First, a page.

The emergence of the smart electric car shaped the automotive industry due to its focus on sustainability and energy efficiency. At the heart of these vehicles are batteries, which have undergone significant development over the centuries.
Let’s explore how battery technology has progressed since its inception in the mid-19th century, focusing on the innovations that have increased the efficiency and range of these vehicles.
First electric cars
It is a little known fact that the birth of the electric car was not recent and this method of transportation actually predates the famous Model T which was launched by Henry Ford in 1908. It is precisely the Model T that is credited with the end of the automobile industry. Electric cars that preceded it.
However, in the early years of the electric car (late 19th and early 20th centuries), only people living in industrial or built-up areas could drive electric cars, as the batteries running them barely ran out. Had enough range to cross the first few blocks.
For some time efforts were made to improve the ability of those primitive chemical batteries to store and manage electrical energy. The idea of creating a battery exchange network was also proposed in which a motorist could exchange his depleted battery for a previously charged battery to continue on his way.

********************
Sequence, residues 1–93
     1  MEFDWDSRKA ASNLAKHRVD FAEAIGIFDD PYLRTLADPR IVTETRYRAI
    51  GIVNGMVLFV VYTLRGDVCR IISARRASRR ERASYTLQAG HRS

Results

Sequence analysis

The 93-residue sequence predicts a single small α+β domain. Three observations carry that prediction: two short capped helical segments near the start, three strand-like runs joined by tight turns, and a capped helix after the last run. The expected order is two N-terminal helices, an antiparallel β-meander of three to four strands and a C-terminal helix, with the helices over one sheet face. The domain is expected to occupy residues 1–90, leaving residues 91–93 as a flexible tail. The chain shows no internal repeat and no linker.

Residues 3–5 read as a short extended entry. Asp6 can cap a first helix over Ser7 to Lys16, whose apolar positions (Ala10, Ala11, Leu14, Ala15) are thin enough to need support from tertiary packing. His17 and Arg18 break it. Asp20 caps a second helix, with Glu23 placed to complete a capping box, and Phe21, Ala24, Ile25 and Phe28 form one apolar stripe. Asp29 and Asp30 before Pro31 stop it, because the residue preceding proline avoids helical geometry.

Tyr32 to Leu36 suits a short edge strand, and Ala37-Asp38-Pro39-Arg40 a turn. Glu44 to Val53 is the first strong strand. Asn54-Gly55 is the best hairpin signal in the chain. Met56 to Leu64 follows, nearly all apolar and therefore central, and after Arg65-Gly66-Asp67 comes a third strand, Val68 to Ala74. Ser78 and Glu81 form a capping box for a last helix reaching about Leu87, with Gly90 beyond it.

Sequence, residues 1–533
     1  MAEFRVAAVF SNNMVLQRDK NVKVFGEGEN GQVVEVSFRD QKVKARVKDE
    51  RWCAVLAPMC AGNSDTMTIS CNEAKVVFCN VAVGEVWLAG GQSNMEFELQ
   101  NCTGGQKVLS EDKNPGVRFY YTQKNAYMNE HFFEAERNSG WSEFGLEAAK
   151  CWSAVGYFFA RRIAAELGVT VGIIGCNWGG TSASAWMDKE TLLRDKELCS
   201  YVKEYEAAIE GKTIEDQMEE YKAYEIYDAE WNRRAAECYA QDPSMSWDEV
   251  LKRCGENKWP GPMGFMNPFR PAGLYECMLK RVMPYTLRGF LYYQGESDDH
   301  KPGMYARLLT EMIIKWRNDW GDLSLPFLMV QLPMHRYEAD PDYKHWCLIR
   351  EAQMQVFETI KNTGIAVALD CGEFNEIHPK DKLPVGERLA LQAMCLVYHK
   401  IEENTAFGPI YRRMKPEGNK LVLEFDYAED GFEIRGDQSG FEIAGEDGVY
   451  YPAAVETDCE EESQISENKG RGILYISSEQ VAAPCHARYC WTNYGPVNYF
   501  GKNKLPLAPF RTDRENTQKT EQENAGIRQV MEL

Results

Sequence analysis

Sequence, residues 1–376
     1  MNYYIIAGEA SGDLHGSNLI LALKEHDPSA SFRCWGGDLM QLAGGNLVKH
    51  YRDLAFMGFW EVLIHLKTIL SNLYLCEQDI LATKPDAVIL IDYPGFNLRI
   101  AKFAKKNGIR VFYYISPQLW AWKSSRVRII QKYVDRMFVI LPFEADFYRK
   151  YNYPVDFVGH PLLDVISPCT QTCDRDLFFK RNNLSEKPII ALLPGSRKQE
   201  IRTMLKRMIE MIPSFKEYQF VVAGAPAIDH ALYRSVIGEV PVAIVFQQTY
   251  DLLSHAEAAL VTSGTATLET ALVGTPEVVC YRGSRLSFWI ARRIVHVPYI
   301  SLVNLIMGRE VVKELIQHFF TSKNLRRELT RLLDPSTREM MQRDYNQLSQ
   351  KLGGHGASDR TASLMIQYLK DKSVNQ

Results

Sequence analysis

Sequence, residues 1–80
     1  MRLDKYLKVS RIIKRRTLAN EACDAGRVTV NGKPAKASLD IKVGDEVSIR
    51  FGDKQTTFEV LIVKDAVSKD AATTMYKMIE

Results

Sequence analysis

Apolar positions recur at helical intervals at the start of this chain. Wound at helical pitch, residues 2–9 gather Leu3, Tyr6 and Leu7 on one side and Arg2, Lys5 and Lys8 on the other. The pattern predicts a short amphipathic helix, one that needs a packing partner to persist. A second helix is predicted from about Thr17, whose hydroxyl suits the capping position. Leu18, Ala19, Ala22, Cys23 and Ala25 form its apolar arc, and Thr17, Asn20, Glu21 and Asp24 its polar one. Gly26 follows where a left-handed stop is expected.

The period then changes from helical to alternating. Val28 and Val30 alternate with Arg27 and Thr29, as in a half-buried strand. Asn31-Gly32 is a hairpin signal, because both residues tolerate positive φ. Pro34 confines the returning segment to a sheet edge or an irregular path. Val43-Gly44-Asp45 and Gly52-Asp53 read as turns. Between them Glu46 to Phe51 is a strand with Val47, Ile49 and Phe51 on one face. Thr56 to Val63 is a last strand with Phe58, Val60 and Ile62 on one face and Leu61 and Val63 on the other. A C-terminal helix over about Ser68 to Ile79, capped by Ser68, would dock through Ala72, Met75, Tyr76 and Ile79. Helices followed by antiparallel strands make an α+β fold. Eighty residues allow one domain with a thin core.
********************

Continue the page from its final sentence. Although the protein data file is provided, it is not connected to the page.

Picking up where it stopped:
The “James Conte” was an electric car that reached a speed of 100 kilometers per hour in 1899.
With an auto industry focused almost exclusively on fossil fuel-dependent engine technology, the electric car fell into oblivion… until a few major technological innovations helped revive it.
By the 1990s, advances in battery technology spurred by the explosion of the Walkman and other similar portable products prompted some environmentally concerned engineers to restart the development of electric cars as a cleaner and more affordable alternative.
How lithium-ion batteries work in electric cars
For years, the few auto companies that dared to develop and launch electric cars relied on nickel-metal hydride batteries to power them, but their high production cost, huge size and weight, and their charging capacity The difficulty of maintaining made them difficult. Many would doubt the ability of such a battery to power a vehicle over long distances.
In addition to these types of batteries, other technologies were used in an attempt to replace internal combustion, such as the older but reliable lead–acid, lithium–polymer and nickel–cadmium batteries, but none of these solutions really gave a boost. Giving did not help. The latter progressed in a new type of battery as the electric car industry boomed: the lithium-ion battery.